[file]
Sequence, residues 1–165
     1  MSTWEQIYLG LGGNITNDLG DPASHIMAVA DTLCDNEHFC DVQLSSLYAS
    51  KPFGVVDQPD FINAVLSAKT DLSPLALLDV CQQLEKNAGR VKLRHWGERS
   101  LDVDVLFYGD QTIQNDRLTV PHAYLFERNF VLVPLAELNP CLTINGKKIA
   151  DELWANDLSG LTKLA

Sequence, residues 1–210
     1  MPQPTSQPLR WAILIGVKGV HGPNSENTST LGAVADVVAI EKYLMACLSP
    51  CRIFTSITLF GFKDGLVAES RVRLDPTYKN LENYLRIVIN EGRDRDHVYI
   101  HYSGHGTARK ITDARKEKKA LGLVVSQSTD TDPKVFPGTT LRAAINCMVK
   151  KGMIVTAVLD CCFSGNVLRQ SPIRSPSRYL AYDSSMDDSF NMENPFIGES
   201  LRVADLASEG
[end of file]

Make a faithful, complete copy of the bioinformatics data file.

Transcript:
Sequence, residues 1–165
     1  MSTWEQIYLG LGGNITNDLG DPASHIMAVA DTLCDNEHFC DVQLSSLYAS
    51  KPFGVVDQPD FINAVLSAKT DLSPLALLDV CQQLEKNAGR VKLRHWGERS
   101  LDVDVLFYGD QTIQNDRLTV PHAYLFERNF VLVPLAELNP CLTINGKKIA
   151  DELWANDLSG LTKLA

Sequence, residues 1–210
     1  MPQPTSQPLR WAILIGVKGV HGPNSENTST LGAVADVVAI EKYLMACLSP
    51  CRIFTSITLF GFKDGLVAES RVRLDPTYKN LENYLRIVIN EGRDRDHVYI
   101  HYSGHGTARK ITDARKEKKA LGLVVSQSTD TDPKVFPGTT LRAAINCMVK
   151  KGMIVTAVLD CCFSGNVLRQ SPIRSPSRYL AYDSSMDDSF NMENPFIGES
   201  LRVADLASEG